Aadhaar (Authentication) Regulations 2016, Section 16 (5) lays down that, ‘The Aadhaar number holder may, at any time, revoke consent given to a KUA (KYC User Agency) for storing his e-KYC data or for sharing it with third parties, and upon such revocation, the KUA shall delete the e-KYC data and cease any further sharing.’

The 1,448-page Supreme Court verdict on Aadhaar was historic as it quashed fears of personal privacy and data being compromised. In a clean sweep, the Apex Court rubbished politically-manufactured views of privacy risks and ensured that rights of banking and communication, fundamental to modern-day living, were not conditional to the provision of Aadhaar details.

To delink Aadhaar from services

Now, as provided legally, an Aadhaar Card holder may, if she/he wishes to delink his/her biometric identification details from banks and mobile service providers, proceed accordingly.

In order to delink Aadhaar Card from your mobile wallet

Customers may call on the required customer care numbers of private wallet firms such as Paytm. The customer must request the customer care service representative to send an e-mail to unlink Aadhaar.

The customer will then receive an e-mail which will ask him/her to attach a clear picture of his/her updated Aadhaar Card. The customer is required to reply to the mail with the picture of the Aadhaar card. The private wallet firm will send a mail confirming that Aadhaar will be unlinked within 72 hours

In order to delink Aadhaar details from a bank account

To delink Aadhaar from a bank account, customers have to visit their bank branch, ask for a physical form to unlink Aadhaar. Fill it duly and submit the form to the bank. And, the Aadhaar details will be delinked within 48 hours. The customer may check on the status of the delinking through phone banking after 48 hours have lapsed.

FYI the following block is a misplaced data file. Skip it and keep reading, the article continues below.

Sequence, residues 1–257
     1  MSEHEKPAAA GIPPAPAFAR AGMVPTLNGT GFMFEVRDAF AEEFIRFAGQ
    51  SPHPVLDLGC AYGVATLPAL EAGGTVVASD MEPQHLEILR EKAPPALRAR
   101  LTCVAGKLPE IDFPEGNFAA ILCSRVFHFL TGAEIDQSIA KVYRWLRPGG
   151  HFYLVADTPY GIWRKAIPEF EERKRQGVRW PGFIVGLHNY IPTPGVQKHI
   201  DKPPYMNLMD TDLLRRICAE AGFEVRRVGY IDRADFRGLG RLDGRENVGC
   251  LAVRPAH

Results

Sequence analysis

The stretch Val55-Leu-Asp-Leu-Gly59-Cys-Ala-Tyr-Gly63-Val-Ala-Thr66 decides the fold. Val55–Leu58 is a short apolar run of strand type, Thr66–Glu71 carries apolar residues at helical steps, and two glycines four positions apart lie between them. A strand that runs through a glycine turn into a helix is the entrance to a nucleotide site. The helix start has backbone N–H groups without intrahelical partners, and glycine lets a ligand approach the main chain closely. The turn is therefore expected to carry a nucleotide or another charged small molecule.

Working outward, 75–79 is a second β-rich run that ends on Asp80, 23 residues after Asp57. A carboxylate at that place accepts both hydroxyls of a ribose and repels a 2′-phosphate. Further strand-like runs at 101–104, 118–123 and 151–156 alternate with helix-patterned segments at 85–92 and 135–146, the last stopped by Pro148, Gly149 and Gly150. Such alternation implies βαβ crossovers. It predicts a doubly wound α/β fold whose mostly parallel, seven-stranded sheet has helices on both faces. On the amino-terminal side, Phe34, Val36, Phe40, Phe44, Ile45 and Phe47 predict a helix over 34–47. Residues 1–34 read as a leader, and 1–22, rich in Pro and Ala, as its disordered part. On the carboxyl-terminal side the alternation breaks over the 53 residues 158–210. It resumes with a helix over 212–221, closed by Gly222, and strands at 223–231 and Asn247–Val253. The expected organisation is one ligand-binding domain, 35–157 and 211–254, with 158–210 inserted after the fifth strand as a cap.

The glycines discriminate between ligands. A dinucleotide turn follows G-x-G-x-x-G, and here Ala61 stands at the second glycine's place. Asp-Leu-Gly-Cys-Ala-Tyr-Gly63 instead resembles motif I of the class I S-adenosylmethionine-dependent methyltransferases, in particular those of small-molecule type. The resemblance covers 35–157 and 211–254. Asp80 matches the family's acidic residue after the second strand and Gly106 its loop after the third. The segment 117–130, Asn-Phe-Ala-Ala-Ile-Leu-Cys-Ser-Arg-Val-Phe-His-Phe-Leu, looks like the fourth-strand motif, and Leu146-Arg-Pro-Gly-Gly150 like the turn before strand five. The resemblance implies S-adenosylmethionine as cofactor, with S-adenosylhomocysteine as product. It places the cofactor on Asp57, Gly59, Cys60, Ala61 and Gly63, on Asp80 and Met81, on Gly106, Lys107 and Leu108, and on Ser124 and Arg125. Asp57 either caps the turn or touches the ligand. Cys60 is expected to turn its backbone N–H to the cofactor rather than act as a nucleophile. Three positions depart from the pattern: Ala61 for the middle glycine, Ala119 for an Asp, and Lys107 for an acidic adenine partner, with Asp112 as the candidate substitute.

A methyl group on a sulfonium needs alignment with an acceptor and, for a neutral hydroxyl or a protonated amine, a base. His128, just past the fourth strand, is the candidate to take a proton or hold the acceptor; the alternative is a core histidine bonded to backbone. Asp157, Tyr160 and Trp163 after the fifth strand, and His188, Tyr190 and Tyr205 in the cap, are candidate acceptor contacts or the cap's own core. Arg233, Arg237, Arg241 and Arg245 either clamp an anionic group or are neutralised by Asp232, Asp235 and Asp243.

The process for delinking Aadhaar details from a mobile service provider hasn’t been laid down as yet but customers may approach a physical outlet or raise the query through customer service numbers to avail details while citing the Supreme Court judgment and concurrent rights to delink Aadhaar details from the mobile service provider in question.

Legal remedies available for failure to delink

There are a host of remedies available to those affected. Apart from the internal bank processes and Consumer Forum remedies available since the Aadhaar Regulations were laid down through the Act in 2016, the Supreme Court judgement provides affected customers the option of initiating proceedings for Contempt of Court now.

Firstly, affected customers should approach the Nodal officer of the entity in question and detail their complaint before escalating it to the Appellate Authority provided and the Banking Ombudsman provided by the Bank. The Banking Ombudsman are known to close cases and reject complaints should another regulator be involved, so customers need to ensure that they take that route in isolation before approaching another regulator.

Customers affected adversely by failure or refusal to delink Aadhaar details from the entity in question can approach a relevant District Consumer Forum and file a complaint for ‘deficiency in service’ by the ‘service provider’ who will have to comply legally and provide redress according to the procedures laid down. The District Consumer Forum verdict, if unfavourable, may be appealed against in a State Consumer Forum and then, finally, at the National Consumer Forum in Delhi.

Any forceful linking or failure to delink the Aadhaar Card details by a mobile service provider, a payment merchant or a bank can now, following the Supreme Court judgement on Aadhaar, be held in direct Contempt of Court throwing open the option for complainants to file for Contempt petitions, should an entity refuse to comply by the directions laid down in the judgement.